in australia, perth- and rome-based practice MORQ has recently finished the ‘karri loop house’ on a site containing three large indigenous eucalyptus trees. despite the client’s initial urge to remove the wooded giants, the architect saw them as the elements that made the site unique and soon convinced the client into a home that bridges between the tree trunks, effectively preserving them. the interior is clad entirely in plywood sheets whose color and grain pay homage to the three trees, featuring periscope-like windows that open vertical views directly onto them.

entrance onto the site
image © peter bennetts (also main image)



in considering the relatively shallow and delicate root systems, the home is lifted above the ground on steel tripod-like stilts and any portion of the house that may rest over the roots is irrigated by rainwater collected on the roof so as to ensure the roots receive an even distribution of water. a series of exterior decks wrap around the courtyards created by the meandering footprint of the home accessible by the various doors and windows that open up onto the shared outdoor spaces.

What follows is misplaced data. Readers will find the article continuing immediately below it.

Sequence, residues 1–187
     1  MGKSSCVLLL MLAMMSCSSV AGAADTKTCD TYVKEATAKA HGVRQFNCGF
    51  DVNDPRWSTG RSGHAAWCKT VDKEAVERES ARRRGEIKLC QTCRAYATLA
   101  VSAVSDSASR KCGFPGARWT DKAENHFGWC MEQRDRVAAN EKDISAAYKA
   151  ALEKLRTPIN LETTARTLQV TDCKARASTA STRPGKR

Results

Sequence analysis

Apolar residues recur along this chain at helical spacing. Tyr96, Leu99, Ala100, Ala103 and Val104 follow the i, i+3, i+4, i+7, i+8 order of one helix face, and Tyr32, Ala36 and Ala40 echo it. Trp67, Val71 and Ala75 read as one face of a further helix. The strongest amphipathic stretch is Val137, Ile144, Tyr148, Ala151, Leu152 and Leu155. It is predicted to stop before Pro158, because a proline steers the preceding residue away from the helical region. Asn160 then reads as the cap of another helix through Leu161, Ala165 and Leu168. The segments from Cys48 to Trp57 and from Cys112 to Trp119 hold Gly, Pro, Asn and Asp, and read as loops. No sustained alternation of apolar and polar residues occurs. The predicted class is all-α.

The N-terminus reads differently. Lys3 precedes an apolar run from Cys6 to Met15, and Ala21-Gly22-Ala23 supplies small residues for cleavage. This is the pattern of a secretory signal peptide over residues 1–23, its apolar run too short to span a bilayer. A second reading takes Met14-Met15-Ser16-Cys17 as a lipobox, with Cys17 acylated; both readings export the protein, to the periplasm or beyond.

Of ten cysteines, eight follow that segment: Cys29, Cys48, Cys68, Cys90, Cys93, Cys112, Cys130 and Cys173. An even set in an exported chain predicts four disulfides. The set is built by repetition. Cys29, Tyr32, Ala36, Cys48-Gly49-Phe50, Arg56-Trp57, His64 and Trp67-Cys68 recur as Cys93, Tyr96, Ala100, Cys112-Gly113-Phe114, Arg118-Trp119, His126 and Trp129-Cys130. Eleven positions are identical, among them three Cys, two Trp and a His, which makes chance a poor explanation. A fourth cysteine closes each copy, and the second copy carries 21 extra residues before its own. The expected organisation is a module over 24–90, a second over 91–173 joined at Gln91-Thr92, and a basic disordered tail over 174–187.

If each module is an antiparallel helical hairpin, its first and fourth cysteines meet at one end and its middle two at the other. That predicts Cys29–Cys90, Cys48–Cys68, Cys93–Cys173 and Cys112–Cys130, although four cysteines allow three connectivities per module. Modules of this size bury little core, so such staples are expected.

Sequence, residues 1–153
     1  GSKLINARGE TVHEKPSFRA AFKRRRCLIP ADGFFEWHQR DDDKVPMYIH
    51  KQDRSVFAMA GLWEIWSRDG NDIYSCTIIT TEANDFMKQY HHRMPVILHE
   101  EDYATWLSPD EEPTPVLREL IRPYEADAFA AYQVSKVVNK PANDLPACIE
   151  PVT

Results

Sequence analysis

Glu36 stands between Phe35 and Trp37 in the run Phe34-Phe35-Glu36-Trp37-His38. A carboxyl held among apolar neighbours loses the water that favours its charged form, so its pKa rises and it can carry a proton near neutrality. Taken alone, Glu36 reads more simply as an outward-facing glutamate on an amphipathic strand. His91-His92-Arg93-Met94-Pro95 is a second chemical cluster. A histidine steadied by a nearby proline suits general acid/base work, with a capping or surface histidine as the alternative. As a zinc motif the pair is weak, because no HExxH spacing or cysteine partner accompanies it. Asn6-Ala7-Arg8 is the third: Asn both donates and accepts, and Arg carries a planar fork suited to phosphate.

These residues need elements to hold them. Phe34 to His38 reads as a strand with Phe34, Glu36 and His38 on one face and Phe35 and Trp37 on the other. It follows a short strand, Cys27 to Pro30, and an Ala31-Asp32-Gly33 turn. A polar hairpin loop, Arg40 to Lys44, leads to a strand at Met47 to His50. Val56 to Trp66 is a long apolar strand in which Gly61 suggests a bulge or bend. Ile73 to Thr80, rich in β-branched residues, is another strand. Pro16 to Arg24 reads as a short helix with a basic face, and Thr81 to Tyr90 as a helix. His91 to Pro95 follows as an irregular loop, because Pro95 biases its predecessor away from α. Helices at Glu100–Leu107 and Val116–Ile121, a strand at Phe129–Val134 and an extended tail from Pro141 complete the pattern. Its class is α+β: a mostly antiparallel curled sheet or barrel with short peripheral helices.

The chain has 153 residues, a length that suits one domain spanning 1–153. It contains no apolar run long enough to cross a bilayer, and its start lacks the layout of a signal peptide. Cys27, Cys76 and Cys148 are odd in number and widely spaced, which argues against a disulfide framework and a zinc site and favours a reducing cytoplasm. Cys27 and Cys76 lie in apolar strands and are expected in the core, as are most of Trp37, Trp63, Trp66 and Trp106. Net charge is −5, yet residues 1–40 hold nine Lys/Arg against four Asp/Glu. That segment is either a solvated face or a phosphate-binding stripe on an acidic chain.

trees project through the one-level home
image © peter bennetts

private covered deck
image © peter bennetts

vertical window frames the tree
image © peter bennetts

dining area
image © peter bennetts

(left) view to the tree, (right) hallway
image © peter bennetts

windows places up high extend views onto the canopies
image © peter bennetts

image © peter bennetts

exterior facade of charred wooden planks
image © peter bennetts

house wrapped around the tree creating a courtyard
image © peter bennetts

image © peter bennetts